Tuesday, February 16, 2010

Your Monthly Dose of Throg

Guess who's back, kicking ass and taking names?

Oh Throg, how I've missed you. These past few months have been dismal without your diminutive reptilian godliness, don't ever leave again.

And it looks like you won't, what with your own ongoing series starting next month! Now it's up to us, Internet, to keep him around forever. You with me? Good!

See you next month Throg!

Friday, February 12, 2010

Valentine's Day the Marvel Way

You know what book is really good for inexplicable reasons?

Who woulda guessed that a holiday one-shot (a Valentine's Day one at that!) is not only fun, but dangerously awesome. Divided into four short stories, Marvel Heartbreakers shows some of our favorite Marvel heroes in assorted states of romance.

There's a college-aged Peter Parker caught double scheduling dates with Gwen and Mary Jane, only to get stuck in a fight with a non-Newtonian blob by Kathryn Immonen and Elena Casagrande.

Beast puts the moves on Dazzler as she contemplates her next career move in a sweet story from Jim McCann and David Lopez.

And Snowbird wrestles with her inner desire for a mate while she wrestles two ancient Inuit gods.

It was a really solid issue, filled with fun, romance, and action. Definitely something you should consider picking up on a whim.



Well, kinda. Really it's just Boom Boom and Elsa Bloodstone setting a trap and talking about past trysts as they wait for their prey. They're prey, of course, being Elsa's latest ex, and quite possibly the character find of 2010:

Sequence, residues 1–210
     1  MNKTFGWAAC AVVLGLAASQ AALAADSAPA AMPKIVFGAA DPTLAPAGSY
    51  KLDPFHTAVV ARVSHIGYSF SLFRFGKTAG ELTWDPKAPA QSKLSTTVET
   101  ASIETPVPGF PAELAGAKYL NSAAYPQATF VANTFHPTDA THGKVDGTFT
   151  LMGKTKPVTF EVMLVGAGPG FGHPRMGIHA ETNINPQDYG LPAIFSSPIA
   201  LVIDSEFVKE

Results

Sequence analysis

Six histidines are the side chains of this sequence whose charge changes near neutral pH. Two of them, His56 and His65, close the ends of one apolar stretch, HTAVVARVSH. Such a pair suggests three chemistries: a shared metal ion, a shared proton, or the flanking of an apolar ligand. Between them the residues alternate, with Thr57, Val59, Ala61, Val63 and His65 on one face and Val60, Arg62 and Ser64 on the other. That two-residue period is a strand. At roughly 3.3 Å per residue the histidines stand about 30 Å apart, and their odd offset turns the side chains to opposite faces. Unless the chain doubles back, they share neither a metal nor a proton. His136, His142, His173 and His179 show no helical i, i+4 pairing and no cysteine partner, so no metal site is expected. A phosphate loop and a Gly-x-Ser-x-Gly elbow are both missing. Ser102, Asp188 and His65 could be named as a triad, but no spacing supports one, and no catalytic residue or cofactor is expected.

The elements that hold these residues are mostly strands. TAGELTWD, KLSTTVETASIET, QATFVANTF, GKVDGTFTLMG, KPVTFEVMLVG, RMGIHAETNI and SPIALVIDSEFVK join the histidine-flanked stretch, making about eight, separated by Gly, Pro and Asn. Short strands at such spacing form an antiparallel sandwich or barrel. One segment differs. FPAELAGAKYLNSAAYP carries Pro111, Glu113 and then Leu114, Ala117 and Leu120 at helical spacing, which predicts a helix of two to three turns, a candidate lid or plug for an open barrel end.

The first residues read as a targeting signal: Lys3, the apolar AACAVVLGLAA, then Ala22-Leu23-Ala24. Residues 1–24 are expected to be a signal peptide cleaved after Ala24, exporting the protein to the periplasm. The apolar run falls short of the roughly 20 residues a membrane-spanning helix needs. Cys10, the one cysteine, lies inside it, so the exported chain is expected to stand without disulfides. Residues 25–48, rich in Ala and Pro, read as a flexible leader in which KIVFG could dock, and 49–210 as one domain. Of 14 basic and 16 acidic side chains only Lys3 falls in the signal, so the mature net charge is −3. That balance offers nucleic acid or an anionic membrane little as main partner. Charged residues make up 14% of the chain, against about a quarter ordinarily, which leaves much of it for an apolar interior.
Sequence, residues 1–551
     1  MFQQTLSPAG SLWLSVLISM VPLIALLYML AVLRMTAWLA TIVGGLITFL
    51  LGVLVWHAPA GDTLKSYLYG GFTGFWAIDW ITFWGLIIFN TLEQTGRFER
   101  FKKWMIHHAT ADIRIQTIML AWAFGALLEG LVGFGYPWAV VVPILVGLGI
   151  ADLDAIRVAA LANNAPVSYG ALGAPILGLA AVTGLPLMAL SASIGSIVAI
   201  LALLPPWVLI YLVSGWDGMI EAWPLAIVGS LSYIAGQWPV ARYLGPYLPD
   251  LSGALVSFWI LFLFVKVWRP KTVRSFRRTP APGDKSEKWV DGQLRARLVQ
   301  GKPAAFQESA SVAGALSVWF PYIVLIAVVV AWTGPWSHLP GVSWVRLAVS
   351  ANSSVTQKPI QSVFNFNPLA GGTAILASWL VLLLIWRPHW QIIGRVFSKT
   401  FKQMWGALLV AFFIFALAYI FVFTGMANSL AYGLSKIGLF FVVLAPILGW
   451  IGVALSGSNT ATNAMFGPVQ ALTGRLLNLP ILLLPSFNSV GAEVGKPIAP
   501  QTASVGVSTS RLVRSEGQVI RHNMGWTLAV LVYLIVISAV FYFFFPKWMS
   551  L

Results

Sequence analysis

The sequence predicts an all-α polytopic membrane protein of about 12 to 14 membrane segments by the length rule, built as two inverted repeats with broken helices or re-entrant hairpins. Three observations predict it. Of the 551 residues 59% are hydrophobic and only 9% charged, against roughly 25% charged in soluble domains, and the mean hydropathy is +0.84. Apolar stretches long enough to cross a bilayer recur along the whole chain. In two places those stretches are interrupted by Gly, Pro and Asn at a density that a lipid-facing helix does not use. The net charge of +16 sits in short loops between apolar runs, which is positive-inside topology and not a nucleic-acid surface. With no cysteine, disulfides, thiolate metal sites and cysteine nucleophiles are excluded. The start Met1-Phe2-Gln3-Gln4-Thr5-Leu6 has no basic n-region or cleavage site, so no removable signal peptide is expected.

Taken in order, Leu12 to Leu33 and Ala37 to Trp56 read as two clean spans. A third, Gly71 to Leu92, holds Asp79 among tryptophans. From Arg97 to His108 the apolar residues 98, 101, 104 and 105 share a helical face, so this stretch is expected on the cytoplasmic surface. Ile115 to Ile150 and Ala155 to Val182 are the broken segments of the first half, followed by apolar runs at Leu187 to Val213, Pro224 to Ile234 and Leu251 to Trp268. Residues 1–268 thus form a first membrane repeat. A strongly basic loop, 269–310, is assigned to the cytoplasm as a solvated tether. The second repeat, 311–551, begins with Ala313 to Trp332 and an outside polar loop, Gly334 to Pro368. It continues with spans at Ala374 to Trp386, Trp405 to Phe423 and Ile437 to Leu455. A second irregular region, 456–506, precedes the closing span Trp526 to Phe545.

Oh Nextwave, don't ever change. It's the only Valentine's Day gift I ever wanted.

But seriously, don't ever change.

Thursday, February 4, 2010

Wes Anderson's Spider-Man

What do you get when you mix a noted navel-gazing hero and the most navel-gazing-est navel-gazing director?

Makes me want to see Wes Anderson penned Spider-Man story... Almost.

Wednesday, February 3, 2010

Venom is a Slut Part 2

Just like a slut to take over, bond, and then try to wreck havoc on all your friends. Reminds me of my ex-girlfriend. HEY-OH!

Monday, February 1, 2010

How I would save Spider-Girl

A while back I wrote an article about how I really want to like Spider-Girl, but just couldn't connect to it. Well, after months of consideration, I came up with an idea to reinvigorate the series, something that I'm sure all the true fans will absolutely hate.

Let's get started from the bottom up, shall we?

The Creative Team

For a book that's trying to rope in that mythical young girl demographic, it does nothing to really appeal to those younger sensibilities. Right now Spider-Girl is the best example of an old school, done-in-one Marvel comic which is what the diehards like about it, unfortunately it mainly only appeals to those older fans.